April 17, 2019

Shared Hydrogen Fuel Cell Electric Vehicles Set to Hit the Streets in California

According to some academic studies, a single shared car can eliminate the need for between nine and 13 personal vehicles.  

Jonathan Palacios-Avila, StratosFuel’s chief executive officer and co-founder

A novel car-sharing service aimed at offering hydrogen-powered fuel cell electric vehicles (FCEVs) at affordable prices will make new, cleaner-burning mobility options available in disadvantaged areas of two California communities. The StratosShare program, set to launch in Riverside and San Bernardino counties in early 2019, is one of the first efforts in the United States to exclusively combine the car-sharing model with FCEVs under one umbrella.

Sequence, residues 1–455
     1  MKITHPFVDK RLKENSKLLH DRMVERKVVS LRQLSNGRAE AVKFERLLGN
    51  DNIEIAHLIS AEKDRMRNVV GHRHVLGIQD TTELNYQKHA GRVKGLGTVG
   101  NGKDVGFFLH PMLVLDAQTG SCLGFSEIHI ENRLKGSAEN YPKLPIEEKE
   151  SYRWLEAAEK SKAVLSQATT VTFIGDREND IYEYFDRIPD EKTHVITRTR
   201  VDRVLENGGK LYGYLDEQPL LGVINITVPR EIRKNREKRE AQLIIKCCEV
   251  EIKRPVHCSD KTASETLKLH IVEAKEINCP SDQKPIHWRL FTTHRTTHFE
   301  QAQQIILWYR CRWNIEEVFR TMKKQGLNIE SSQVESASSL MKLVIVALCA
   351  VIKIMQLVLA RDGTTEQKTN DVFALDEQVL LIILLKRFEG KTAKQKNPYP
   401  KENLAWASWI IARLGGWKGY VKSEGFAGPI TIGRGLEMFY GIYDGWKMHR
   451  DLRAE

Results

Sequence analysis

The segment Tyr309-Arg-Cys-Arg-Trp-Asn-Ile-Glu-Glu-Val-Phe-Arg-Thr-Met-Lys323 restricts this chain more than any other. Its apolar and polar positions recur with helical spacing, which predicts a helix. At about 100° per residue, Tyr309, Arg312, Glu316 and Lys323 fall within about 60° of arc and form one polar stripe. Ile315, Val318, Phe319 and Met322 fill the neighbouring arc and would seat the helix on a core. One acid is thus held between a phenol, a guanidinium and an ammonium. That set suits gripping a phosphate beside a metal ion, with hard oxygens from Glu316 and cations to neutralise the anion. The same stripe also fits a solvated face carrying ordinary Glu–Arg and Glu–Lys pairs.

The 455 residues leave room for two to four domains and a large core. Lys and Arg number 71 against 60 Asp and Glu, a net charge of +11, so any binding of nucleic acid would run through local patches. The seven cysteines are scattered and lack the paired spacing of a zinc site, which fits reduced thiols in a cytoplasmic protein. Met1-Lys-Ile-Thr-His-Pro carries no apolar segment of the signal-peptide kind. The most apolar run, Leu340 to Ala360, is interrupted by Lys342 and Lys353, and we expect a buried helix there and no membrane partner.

StratosFuel, the program’s founding company, considers their relationship with the local Clean Cities coalition as key to their success.

“We have been collaborating with Western Riverside County Clean Cities (WRCCC) to ensure that low-cost car sharing is made available within the coalition’s district,” said Jonathan Palacios-Avila, StratosFuel’s chief executive officer and co-founder. “They have been an integral part of our zero-emission car sharing program."

Making Zero Emission Mobility Available to All Consumers

After capitalizing on a $684,421 grant from the California Energy Commission, StratosFuel—which began primarily as a hydrogen fueling station business—started expanding its ventures into the shared mobility space in 2017. The shift began after Palacios-Avila and his colleagues said they recognized needs for: (1) more mobility options for the disadvantaged communities in Riverside and San Bernardino counties, and (2) increased capacity at its publicly funded renewable hydrogen fueling stations in the area.